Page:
My Friend Elizabeth Goudge
This was nice to read:
...he was not old. Only sixtyish.
—Elizabeth Goudge, Pilgrim’s Inn
I was persuaded to read this book by Janet Cupo, who went so far as to supply me with a copy. I knew nothing about the author beyond a vague idea that I’d heard the name. But I’m already willing to recommend it on the basis of only the first hundred or so pages. On the surface it’s not my kind of book—it’s a woman’s book in many ways, dwelling in subtle detail on family relationships, for instance, and spending a lot of time describing houses and rooms, without any very dramatic action. But it’s extremely well written, and the people and places are very vivid, and most of all it shows a very deep spiritual insight.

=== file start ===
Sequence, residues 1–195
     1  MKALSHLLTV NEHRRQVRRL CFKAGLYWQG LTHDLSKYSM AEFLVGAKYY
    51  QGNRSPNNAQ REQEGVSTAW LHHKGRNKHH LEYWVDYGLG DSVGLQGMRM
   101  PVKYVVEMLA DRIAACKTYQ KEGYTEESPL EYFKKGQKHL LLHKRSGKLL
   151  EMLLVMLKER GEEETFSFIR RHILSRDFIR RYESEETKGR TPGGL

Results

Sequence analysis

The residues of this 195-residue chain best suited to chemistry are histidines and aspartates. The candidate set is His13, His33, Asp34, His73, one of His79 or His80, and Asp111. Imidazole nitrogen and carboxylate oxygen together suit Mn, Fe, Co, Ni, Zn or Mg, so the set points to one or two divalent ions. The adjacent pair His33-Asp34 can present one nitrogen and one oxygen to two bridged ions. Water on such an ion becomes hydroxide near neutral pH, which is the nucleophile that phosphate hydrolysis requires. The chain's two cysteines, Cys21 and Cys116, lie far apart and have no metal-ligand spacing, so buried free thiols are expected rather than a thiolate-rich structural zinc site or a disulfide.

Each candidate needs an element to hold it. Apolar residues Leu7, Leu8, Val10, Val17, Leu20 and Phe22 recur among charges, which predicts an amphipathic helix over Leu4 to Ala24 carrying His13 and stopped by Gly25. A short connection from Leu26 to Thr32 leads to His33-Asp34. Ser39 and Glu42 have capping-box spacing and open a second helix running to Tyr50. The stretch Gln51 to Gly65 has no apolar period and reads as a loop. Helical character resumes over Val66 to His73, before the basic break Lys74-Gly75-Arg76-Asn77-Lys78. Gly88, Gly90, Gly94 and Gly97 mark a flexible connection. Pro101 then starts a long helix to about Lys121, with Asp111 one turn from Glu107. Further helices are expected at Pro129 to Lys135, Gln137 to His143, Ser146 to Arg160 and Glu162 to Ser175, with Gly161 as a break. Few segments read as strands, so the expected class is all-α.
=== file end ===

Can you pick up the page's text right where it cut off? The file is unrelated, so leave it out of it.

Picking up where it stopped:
The truth is I’m enjoying it more than Crime and Punishment, which was the last novel I read. I found Raskolnikov and his perpetual hostility and anxiety mostly tiresome, and was more than ready to see him off to Siberia. There were some moving scenes in Crime and Punishment, one or two of them unforgettable, but somehow Goudge is able to create more narrative tension out of psychological events than Dostoevsky does out of two ax murders.